Wednesday, September 30, 2009


This morning Cookie and I were blown off the slough--that's bad. The wind is blowing in one of those autumn North Dakota storms that is a a harbinger of what is to come. I am just hoping that winter's cold breath can stay away for at least another month, shoot maybe even six weeks. I want to enjoy some time afield with Cookie before the snow flies. Of course I have to admit that I enjoy hunting upland birds in a small amount of snow, as in six inches or less. My real problem is that I am going to miss an entire week of hunting, starting on Tuesday, October 6, because I am headed for Florida to attend the SEOPA conference. I'll be giving a presentation on the philosophy of outdoor writing in the 21st. century. I'm truly curious to see how many of the attendees attend my presentation. I hope I am surprised.

You won't believe this but my office is finished! Well, sort of. I still need to extend the roofline for a porch (of sorts) and put on the shingles but I am all moved in, the whiteboard door is finished, hung and now curing. The pull down screen is hung, rod racks, security cable for the gun rack, etc., everything is done. I'm really pleased and what is truly nice is to sit at a desk and have enough room to work. I'm sure that I'll work at it and it will soon be covered in clutter.

I hope everyone is having a great season. As soon as this storm clears out I'll take Cookie back to the sloughs and we'll toss a few decoys out then find a warm spot to hunker down. Cookie will wake me when some ducks come in--she always does. glg

Sunday, September 27, 2009

Dogs Know

Cookie is not happy with me. Today was the opening of the waterfowl season but I couldn't get out and she had to stay in her kennel (don't worry, it's huge). How do hunting dogs know when the seasons open? I suspect the change in seasons has become part of their genetic makeup.

I couldn't go hunting because I had to finish sorting out everything in my office and finish getting moved in. Now that I've finished that little chore I can move on to the fun project of the roof. Today the new shingles were delivered but they are going to be left to sit where they were delivered because tomorrow I will go hunting in the morning and probably again in the evening. I'll work in some roof time and might even work on my wood stove.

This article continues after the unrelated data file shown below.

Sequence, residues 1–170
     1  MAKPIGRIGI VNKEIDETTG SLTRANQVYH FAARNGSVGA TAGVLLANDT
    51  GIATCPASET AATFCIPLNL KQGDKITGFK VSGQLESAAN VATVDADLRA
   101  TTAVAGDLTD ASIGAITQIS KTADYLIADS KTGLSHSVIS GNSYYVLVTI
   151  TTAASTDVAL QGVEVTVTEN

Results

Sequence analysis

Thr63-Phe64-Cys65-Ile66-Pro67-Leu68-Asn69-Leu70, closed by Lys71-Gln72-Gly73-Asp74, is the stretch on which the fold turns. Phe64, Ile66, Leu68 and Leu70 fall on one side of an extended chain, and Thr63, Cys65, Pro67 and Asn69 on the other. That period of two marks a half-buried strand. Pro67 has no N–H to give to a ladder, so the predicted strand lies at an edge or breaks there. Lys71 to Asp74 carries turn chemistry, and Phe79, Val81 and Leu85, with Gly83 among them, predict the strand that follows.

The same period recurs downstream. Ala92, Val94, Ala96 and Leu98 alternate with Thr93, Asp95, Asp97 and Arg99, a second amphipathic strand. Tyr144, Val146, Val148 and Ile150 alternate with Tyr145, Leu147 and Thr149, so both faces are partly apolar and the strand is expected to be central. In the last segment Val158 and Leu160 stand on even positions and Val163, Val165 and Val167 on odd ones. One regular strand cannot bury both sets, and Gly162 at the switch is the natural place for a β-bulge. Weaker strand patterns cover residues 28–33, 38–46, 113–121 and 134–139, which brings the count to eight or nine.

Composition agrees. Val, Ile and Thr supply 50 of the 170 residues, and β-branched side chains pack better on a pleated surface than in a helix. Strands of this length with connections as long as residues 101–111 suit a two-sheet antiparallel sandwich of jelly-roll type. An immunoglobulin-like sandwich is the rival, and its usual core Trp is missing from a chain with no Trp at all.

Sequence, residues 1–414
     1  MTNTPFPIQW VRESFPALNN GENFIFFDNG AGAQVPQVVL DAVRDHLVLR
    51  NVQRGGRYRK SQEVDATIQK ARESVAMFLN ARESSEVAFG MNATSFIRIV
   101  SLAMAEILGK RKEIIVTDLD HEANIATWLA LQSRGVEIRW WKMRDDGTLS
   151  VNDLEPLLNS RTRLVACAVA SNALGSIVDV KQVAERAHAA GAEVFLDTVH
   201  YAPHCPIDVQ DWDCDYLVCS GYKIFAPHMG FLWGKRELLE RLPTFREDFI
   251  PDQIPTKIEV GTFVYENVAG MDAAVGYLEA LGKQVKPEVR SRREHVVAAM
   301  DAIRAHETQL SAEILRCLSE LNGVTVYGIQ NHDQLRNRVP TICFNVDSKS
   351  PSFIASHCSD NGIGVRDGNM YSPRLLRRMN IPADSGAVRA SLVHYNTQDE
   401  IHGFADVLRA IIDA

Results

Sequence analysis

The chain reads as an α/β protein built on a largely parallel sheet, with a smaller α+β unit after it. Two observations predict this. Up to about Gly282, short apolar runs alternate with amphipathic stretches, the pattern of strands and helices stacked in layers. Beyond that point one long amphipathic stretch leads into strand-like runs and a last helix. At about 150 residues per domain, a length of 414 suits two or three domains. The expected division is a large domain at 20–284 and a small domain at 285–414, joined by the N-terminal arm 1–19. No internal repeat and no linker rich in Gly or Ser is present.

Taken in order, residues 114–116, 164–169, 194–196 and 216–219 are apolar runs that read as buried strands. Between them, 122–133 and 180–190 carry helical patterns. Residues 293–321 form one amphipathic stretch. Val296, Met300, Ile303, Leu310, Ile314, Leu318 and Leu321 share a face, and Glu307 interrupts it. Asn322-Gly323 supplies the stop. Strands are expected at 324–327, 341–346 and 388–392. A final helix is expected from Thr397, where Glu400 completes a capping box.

Wednesday, September 23, 2009

Wild Flush

Humm, took a half hour out of my morning to try and get a grouse. I need to remind myself to get up a little closer to early morning because by the time I was on the hunting ground the sun way high and the birds were not going to sit for Cookie. The net result was zero shots although I saw several birds. I may try again in the morning.

While Chas and I were hunting we had a very brief conversation about hunting upland birds in the evening. It is a good time to hunt but there is a problem and that is that often times the birds are settled in to their roost for the night and when we hunt them in that last thirty or forty minutes of shooting light we are pushing them off their roost. Of course, I am only talking about the ground nesting birds so it does not apply to the pass shooting at dove and pigeon but should we hunt the ground nesting and ground roosting birds so late in the day? On the one hand I am very tempted to say that we shouldn't but I also must admit that I enjoy that last hour of the day as a time to hunt birds. It is a quiet time and nature is taking a deep breath after a long day.

Thinking about ground nesting birds brings up something else to consider--domestic cats gone feral. The problem of feral cats is a real one and around here it is becoming increasingly difficult to drive the back roads and not see at least one feral cat. Now, don't misunderstand me, I've got a black and white cat sitting in my lap as I write this, but there is a problem and that is too many cats! These feral cats are decimating some of the game bird populations. We've been trying to get a huntable partridge population on my wife's family farm but the cats keep knocking the covey down to only a few surviving birds and the birds then struggle to survive and rebuild the covey. We've finally told Michael (my step-son) to go ahead kill any cat he sees on the farm. It's not fair to the cats but there isn't any other way to deal with the problem. Even if we manage to live trap one of the feral cats they are beyond adoption and the only course open is to destroy the cat.